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Vermont Panel Formed to Plan Semiquincentennial Celebrations

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A Battle of Hubbardton reenactment - COURTESY OF HUBBARDTON BATTLEFIELD STATE HISTORIC SITE ©️ SEVEN DAYS
  • Courtesy of Hubbardton Battlefield State Historic Site ©️ Seven Days
  • A Battle of Hubbardton reenactment
It’s never too early to start planning for a semiquincentennial.

That would be July 4, 2026 — the 250th anniversary of the adoption of the Declaration of Independence. Gov. Phil Scott's administration has included $25,000 in its budget to put together a 15-member commission to plan events around that date.

Finalized this week, the commission includes Susan McClure, the executive director of the Lake Champlain Maritime Museum, and Jim Lockridge, executive director of the Big Heavy World music nonprofit in Burlington.



Also on the commission is Jonah Spivak, who is hoping to raise the profile of the upcoming 250th anniversary of Bennington Battle Day on August 16, 2027.

Although Vermont didn’t become a state until 1791, there was a lot of energy expended in 1776 in what was then a part of New Hampshire and New York to fight the British on Lake Champlain. Among other notable clashes was the Battle of Valcour Island, where the Americans suffered heavy casualties to the British in one of the first naval battles of the American Revolution.

Congress created a commission in 2010 to prepare for the 250th anniversary. In December, Scott signed an executive order creating a Vermont version.

Laura Trieschmann, the commission chair and the Vermont State Historic Preservation Officer, said the federal commission plans to focus not only on important Revolutionary War battles of the era, but also on farmers, artisans, tradespeople and other residents of the area at that time. Vermont’s events will do the same, she said, shining a historical light on the lives of Indigenous people, women and others who played less dramatic — but important — roles.

“We can’t all be Martha Washington,” Trieschmann said of the nation’s first first lady, who gained renown for spending time encamped near the front lines with her husband. “They had farms to run, and how were they doing that? What are the other stories we can tell?”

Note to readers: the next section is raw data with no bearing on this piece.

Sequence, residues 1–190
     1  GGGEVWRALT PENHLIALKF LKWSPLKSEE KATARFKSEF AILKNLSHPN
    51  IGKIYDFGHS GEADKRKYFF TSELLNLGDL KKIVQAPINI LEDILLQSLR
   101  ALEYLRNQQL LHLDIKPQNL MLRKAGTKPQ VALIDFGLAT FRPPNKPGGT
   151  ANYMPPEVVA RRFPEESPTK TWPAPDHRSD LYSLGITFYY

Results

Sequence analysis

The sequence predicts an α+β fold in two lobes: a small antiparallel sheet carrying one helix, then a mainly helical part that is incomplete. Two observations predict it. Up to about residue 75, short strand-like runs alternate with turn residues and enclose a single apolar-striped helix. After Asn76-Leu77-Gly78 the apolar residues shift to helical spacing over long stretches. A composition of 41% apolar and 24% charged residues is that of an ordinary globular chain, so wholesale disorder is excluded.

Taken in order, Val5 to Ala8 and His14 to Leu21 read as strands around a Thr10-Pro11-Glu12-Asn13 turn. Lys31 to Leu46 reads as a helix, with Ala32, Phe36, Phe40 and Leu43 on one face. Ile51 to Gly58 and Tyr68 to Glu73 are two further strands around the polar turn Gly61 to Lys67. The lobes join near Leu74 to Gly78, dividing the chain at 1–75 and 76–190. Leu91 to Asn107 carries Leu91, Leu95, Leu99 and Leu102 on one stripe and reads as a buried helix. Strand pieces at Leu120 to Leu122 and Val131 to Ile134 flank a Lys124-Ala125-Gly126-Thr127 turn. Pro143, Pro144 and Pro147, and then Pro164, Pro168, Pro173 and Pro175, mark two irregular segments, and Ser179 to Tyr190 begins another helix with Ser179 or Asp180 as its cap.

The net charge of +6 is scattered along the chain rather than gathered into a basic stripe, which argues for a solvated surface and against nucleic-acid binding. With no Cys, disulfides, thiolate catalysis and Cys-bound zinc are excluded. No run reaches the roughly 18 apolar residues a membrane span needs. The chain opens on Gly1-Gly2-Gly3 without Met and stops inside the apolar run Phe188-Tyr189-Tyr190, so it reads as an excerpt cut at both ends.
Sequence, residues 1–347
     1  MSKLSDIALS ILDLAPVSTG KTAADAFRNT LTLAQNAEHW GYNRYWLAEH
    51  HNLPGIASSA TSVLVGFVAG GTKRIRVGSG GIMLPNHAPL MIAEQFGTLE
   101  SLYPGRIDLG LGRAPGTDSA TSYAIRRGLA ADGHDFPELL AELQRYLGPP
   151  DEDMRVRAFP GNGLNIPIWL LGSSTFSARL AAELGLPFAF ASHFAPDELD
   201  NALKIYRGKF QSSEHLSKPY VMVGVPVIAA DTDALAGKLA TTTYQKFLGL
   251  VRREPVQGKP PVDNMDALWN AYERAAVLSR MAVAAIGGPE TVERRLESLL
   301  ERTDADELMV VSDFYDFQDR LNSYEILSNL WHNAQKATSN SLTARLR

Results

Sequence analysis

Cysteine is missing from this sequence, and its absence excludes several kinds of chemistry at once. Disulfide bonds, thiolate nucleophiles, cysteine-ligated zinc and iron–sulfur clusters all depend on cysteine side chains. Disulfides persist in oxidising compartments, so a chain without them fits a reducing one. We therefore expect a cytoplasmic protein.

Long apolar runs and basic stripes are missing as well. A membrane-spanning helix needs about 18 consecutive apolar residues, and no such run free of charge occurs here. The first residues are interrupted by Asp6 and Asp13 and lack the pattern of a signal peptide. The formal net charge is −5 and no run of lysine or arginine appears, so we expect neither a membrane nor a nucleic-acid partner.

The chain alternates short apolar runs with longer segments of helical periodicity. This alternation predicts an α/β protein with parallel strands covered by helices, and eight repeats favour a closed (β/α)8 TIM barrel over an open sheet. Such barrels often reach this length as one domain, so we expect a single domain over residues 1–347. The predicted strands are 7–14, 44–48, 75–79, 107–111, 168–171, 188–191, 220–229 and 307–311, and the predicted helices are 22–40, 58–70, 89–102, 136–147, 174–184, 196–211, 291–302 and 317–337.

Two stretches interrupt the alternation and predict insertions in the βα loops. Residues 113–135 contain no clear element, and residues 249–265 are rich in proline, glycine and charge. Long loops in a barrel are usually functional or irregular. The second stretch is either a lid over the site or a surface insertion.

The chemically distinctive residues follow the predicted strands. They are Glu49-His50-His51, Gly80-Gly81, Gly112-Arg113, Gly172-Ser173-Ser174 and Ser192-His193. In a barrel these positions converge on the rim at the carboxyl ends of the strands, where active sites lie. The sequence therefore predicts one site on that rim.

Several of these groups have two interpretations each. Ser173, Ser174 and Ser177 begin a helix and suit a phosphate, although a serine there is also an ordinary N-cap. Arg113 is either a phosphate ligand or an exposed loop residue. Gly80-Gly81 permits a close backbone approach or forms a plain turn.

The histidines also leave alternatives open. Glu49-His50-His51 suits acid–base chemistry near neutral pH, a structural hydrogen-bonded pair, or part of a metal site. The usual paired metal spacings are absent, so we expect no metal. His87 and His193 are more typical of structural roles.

The 250th anniversary is an apt time to focus on lesser-known historical features of Vermont such as the boat-building industry on Lake Champlain, McClure said.  “There are tons of things we can learn about what happened in Vermont and on Lake Champlain that just hasn’t been documented: Who was building the boats, who was sailing the boats, how were Indigenous people involved along the way, how were African Americans involved in our area?” McClure said. “Those stories are often left out of history, and to me, this is a great way for us to shine some more light on them.”

Vermont’s Revolutionary War-era African American population is one of the lesser-known areas of its history, although in recent years groups such as the Vermont African American Heritage Trail have done much to change that.

“Of the good number of African Americans in the State of Vermont, some probably even fought for the Green Mountain Boys under Ethan Allen,” said Pastor Arnold Thomas of the Good Shepherd Lutheran Church in Jericho. He speaks and writes about Vermont’s African American history, though he is not serving on the commission.

Elise Guyette, a scholar who lives in South Burlington and writes about the history of African Americans and other ethnic groups in Vermont, said the area had about 10,000 residents at the start of the American Revolution. Although it was illegal to enslave adults in Vermont, some of those residents were slaves who had been brought by settlers from Connecticut, she said.

“A lot of history just talks about the upper crust, and that doesn’t help us understand all the social and economic and racial and gender conditions of the time, and how people were with each other,” said Guyette, who is also not serving on the commission. “Most of them were kicked off the stage by the way history was written, and they need to be put back there.”

Other appointed members of the commission are Middlebury historian John Krueger; Revolutionary War reenactor Israel Provancha; Ethan Allen Homestead Museum director Dan O’Neil; educator Melody Brooks, the former chair of the Vermont Commission on Native American Affairs; Vermont Humanities Council director Christopher Kaufman Ilstrup; historian Tom Hughes, the former manager of the Crown Point State Historic Site; and Jim Brangan, cultural heritage and recreation coordinator for the Lake Champlain Basin Program.

State Librarian Jason Broughton, University of Vermont History Department chair Paul Delanders, state Tourism and Marketing Commissioner Heather Pelham, Trieschmann, and Stephen Perkins, director of the Vermont Historical Society, are also members of the commission.



Trieschmann said anniversary events will run for two years, culminating in the anniversary of the Battle of Bennington in 2027, and will involve local historical societies, libraries, schools, and other community groups and events.

Speaking of Revolutionary War, Lake Champlain Maritime Museum